The Notice provided a four-step process that can be relied upon as a safe harbor method to determine the number of parking spot expenses that must be included in UBTI.
Organization B, a church which also runs a school, owns a surface parking lot. B incurs $10,000 of total parking expenses. B's parking lot has 500 spots that are used by its congregants, students, visitors and employees, and 10 spots that are reserved for certain employees. During the normal hours of B's activities on weekdays, B usually has approximately 50 employees parking in the lot in non-reserved spots and approximately 440 non-reserved parking spots that are empty. During the normal hours of B's activities on weekends, B usually has approximately 400 congregants parking in the lot in non-reserved spots and 20 employees parking in the lot in non-reserved spots.
Organization C is a hospital that owns a surface parking lot. C incurs $10,000 of total parking expenses. C's parking lot has 500 spots that are used by its patients, visitors, and employees. C has 50 spots reserved for management and has approximately 100 employees parking in the lot in non-reserved spots during the normal operating hours of the hospital.
Organization D owns its own surface parking lot. D incurs $10,000 of total yearly parking expenses. D's parking lot has 500 spots that are used by its customers and employees. D usually has approximately 50 employees parking in the lot in non-reserved spots during normal business hours on a typical business day. D usually has approximately 300 non-reserved parking spots that are empty during normal business hours on a typical business day.
Organization E owns a surface parking lot. E incurs $10,000 of total parking expenses. E's parking lot has 500 spots that are used by its visitors and employees. E usually has approximately 400 employees parking in the lot in non-reserved spots during normal business hours on a typical business day. Additionally, E has 25 spots reserved for nonemployee visitors.
Note that Notice 2018-100 provides tax-exempt organizations a waiver of underpayment of estimated income tax payments required to be made on or before Dec. 17, 2018, to the extent the underpayment of estimated income tax results from the changes to the tax treatment of qualified transportation fringes. This relief is available only to organizations that were not required to file a Form 990-T for the tax year immediately prior to the organization’s first tax year ending after Dec. 31, 2017. The relief is limited to tax-exempt organizations that timely file Form 990-T and timely pay the amount reported for the tax year for which relief is granted. To claim the waiver under Notice 2018-100, the tax-exempt organization must write “Notice 2018-100” on the top of its Form 990-T.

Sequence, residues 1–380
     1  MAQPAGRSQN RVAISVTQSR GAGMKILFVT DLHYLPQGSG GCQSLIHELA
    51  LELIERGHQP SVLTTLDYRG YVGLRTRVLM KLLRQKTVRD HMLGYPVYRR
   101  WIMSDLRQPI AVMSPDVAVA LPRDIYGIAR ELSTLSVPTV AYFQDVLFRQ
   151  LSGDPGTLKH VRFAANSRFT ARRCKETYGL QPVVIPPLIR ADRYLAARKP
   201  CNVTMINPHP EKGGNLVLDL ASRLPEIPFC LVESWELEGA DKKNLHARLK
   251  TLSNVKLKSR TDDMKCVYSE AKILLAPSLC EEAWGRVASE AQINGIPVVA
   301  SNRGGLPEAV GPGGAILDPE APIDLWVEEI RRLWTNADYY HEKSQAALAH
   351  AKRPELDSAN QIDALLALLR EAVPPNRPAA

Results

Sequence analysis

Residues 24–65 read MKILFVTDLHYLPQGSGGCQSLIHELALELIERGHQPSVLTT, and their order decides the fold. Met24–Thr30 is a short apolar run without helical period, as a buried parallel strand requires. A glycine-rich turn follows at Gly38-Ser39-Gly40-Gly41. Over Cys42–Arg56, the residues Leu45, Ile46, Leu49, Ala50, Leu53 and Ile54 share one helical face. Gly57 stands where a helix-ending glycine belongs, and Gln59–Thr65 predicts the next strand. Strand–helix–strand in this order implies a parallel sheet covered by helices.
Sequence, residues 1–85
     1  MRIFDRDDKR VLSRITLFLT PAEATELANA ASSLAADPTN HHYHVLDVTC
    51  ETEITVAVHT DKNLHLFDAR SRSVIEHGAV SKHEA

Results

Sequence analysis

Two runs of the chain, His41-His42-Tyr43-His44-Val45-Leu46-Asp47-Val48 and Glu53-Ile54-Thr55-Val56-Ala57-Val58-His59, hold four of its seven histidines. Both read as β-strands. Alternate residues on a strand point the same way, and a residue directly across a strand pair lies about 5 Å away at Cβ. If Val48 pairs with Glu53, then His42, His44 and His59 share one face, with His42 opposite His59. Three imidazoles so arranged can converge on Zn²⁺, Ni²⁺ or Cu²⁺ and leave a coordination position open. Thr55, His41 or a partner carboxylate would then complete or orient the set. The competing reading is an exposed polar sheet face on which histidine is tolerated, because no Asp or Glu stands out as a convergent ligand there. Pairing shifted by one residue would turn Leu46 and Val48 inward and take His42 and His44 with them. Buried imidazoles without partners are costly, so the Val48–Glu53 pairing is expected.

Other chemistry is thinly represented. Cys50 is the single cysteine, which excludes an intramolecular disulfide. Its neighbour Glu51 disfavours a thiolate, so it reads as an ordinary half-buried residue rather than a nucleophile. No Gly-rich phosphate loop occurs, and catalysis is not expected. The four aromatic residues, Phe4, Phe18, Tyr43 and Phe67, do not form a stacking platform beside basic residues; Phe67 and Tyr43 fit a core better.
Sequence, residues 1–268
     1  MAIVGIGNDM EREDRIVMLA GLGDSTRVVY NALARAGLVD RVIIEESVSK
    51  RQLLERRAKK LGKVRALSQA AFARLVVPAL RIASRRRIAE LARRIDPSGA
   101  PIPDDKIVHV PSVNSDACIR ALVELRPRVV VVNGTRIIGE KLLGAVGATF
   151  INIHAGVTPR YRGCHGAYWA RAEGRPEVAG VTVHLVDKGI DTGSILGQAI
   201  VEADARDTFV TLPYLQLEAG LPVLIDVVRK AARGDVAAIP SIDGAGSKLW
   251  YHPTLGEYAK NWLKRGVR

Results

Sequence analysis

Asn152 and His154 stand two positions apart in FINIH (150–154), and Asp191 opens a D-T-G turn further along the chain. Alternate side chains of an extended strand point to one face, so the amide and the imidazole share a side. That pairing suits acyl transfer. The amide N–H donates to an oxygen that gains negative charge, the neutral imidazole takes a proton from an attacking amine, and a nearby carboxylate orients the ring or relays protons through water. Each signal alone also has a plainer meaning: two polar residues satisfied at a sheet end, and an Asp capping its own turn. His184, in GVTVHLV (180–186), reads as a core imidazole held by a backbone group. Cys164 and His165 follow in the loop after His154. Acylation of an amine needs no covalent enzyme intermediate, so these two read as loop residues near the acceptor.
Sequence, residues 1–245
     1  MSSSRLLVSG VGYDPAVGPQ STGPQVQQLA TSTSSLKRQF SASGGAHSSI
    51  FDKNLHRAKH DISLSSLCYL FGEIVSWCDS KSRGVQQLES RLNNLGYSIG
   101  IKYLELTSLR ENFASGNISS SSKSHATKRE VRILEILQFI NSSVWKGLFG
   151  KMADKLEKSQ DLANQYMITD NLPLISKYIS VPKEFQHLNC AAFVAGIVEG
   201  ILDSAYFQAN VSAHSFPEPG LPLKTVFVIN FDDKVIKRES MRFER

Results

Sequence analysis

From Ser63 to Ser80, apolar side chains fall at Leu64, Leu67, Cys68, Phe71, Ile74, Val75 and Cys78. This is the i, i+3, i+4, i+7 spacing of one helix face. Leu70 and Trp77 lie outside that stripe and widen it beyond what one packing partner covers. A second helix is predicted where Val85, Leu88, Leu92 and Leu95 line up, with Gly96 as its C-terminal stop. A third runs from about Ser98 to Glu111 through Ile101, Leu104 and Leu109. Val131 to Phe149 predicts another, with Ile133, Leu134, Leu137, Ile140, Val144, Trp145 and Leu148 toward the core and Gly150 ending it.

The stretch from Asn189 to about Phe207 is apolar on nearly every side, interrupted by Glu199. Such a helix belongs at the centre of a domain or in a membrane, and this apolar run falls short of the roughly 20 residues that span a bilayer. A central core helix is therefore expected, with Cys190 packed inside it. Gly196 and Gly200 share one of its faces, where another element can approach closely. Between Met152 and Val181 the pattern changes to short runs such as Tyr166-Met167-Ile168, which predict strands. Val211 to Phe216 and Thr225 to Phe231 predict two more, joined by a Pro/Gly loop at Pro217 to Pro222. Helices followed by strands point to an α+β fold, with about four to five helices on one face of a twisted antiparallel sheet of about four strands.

All tax-exempt organizations should address their parking situations immediately to determine their exposure under these rules. Documentation is key to supporting an organization’s conclusions as to the amount of parking expenses to be reported.
Finally, there is the possibility of legislative relief. A bill has been proposed in the House of Representatives that calls for a repeal of the Section 512(a)(7) parking rules that relate to non-profits. However, the time to effect passage is limited in this lame duck session of Congress. Whether the new Congress will pass legislation in 2019 providing either prospective or retroactive relief remains uncertain. We will continue to monitor and provide further guidance as needed.
For more information on this topic, or to learn how Baker Tilly tax specialists can help, contact our team.